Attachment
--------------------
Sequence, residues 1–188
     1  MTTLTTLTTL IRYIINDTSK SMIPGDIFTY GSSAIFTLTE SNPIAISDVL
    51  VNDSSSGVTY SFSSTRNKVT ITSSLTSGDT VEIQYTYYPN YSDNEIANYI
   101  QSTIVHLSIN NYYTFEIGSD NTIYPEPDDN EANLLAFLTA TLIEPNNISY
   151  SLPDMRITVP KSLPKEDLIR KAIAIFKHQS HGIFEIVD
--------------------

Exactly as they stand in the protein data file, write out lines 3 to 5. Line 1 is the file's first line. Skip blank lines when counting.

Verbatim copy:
    51  VNDSSSGVTY SFSSTRNKVT ITSSLTSGDT VEIQYTYYPN YSDNEIANYI
   101  QSTIVHLSIN NYYTFEIGSD NTIYPEPDDN EANLLAFLTA TLIEPNNISY
   151  SLPDMRITVP KSLPKEDLIR KAIAIFKHQS HGIFEIVD